Taking his 70mm camera to 24 countries, cinematographer Ron Fricke has compiled an answer to Godfrey Reggio's "Koyaanisqatsi," on which Fricke was chief cameraman.

That film, whose title is a Hopi word for "Life Out of Balance," contrasted the serene natural wonders of America with its hustling, bustling industry, without narration or plot, using only gorgeously photographed, fleeting images set to a driving, mesmerizing Philip Glass score.

Fricke's "Baraka" — the title, an ancient Sufi word, loosely translates as "The Breath of Life" — is apparently intended to counterbalance Reggio's work, showing how the human race and life itself are tied to the earth.

Borrowing Reggio's style, Fricke expanded this look at the subject, traveling around the world for 14 months, gleaning a series of images that are equally stunning, including a vast array of religious rituals ranging from the Wailing Wall to whirling dervishes.

Ironically, many moments in Fricke's film actually seem to take Reggio's point of view, illustrating contrasts between such natural wonders as racing waterfalls, gentle clouds or animals roaming free in the jungle with the oil fires in Kuwait, burning landfills in Calcutta and the remains of human incinerators at Auschwitz.

The result is somewhat disconcerting, especially since such visuals as chicks being tossed about in a poultry assembly line and time-lapse photography through a window of a busy Manhattan street are, in their own ways, as fascinating and beautifully conceived as six hours of roiling clouds over Utah's Can-yon-lands National Park, shown to us in a mere 30 seconds.

Even more problematic in "Baraka" is the music by Michael Stearns, which never quite develops the hypnotic power of Philip Glass' "Koyaanisqatsi" score. Stearns instead chooses a new age approach, which blends ethnic phrasing and deep resonance with redundant themes that are not as compelling as they should be.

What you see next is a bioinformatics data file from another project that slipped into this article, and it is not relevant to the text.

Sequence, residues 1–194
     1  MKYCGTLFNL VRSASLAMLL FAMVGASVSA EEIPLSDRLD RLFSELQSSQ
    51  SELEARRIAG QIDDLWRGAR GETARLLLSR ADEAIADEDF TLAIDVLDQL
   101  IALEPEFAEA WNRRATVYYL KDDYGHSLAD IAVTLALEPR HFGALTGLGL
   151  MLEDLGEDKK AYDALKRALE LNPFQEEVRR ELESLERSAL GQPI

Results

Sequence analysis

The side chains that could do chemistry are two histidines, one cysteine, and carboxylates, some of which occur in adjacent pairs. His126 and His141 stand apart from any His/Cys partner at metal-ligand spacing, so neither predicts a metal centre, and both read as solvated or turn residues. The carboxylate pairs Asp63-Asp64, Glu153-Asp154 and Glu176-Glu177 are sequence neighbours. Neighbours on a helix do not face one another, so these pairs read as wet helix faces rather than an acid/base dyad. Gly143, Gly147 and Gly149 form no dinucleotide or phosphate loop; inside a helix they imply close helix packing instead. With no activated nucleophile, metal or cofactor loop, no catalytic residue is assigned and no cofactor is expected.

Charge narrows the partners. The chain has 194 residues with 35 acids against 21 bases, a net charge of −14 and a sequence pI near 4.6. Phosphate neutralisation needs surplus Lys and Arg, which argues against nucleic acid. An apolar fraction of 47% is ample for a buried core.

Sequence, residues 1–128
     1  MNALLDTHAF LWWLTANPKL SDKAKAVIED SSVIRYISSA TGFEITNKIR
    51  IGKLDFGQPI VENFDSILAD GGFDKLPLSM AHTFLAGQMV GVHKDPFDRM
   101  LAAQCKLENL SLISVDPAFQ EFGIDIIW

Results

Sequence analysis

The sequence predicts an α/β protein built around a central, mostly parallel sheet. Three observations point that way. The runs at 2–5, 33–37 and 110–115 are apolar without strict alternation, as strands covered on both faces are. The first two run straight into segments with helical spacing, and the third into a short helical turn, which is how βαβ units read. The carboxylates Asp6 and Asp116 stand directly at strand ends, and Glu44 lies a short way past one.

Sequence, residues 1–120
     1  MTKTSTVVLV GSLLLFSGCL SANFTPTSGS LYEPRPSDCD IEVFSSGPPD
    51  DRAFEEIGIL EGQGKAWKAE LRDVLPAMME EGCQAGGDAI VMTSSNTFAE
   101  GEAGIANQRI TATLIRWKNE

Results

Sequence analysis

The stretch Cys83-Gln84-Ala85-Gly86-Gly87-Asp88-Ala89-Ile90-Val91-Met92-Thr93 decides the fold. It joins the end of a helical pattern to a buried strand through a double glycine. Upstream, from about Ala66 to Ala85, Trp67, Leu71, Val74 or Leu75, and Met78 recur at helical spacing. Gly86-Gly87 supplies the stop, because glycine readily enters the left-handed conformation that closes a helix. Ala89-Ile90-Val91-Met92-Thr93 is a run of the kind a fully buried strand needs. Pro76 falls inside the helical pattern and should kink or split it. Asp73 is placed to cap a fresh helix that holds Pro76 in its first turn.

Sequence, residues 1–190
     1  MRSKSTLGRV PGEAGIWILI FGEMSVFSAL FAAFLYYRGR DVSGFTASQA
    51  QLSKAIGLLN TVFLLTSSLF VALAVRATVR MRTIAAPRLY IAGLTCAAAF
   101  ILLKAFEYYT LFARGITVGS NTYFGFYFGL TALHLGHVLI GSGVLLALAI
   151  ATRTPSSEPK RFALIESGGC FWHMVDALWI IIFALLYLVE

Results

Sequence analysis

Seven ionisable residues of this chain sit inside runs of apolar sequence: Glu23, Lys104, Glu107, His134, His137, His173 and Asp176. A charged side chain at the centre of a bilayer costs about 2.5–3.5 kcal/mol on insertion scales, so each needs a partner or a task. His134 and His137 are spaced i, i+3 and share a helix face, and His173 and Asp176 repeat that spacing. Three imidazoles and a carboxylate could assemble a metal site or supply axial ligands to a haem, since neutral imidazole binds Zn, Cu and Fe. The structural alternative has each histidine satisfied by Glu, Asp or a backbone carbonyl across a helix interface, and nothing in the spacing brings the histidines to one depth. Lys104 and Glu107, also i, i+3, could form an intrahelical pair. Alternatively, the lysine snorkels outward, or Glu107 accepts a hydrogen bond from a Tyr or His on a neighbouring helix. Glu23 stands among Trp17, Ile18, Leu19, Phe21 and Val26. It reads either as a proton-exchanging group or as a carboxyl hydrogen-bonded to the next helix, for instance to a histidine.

And audiences may be somewhat annoyed to find that none of the locations are identified as they come up on the screen, though a long end-credits crawl does tell us where the film was shot. That's part of the point, of course — that all of this diversity in the world is connected, and that it's sometimes hard to tell one place from another, despite obvious differences.

There are moments in "Baraka" when Fricke shamelessly manipulates our collective conscience in a way not unlike those ads on television that show pained faces of children living in squalor. Here, the most devastating example has South American children searching for food in mounds of smoking garbage. And there are haunting moments, as when we fly over an Arizona airplane graveyard, where hundreds of B-52 bombers appear to have landed in a huge, bizarre parking lot. And still others take on a comic resonance (intended or not), as when we see thousands of people entering and leaving a subway station in time-lapse rapidity.

The result of all of this is sweeping, jarring and mesmerizing — not to mention mind-blowing, if I may indulge a '60s phrase. There is inherent power that comes from the realization that this is indeed a wild and crazy world we live in, with beauty and horror in all its extreme diversity.

For that reason alone, Fricke's work deserves to be seen and hailed as a seriously successful companion piece to "Koyaan-isqatsi." On its own, however, "Baraka" stands as a monumental achievement, whatever its flaws.

Though unrated, "Baraka" would probably receive a PG for occasional disturbing imagery.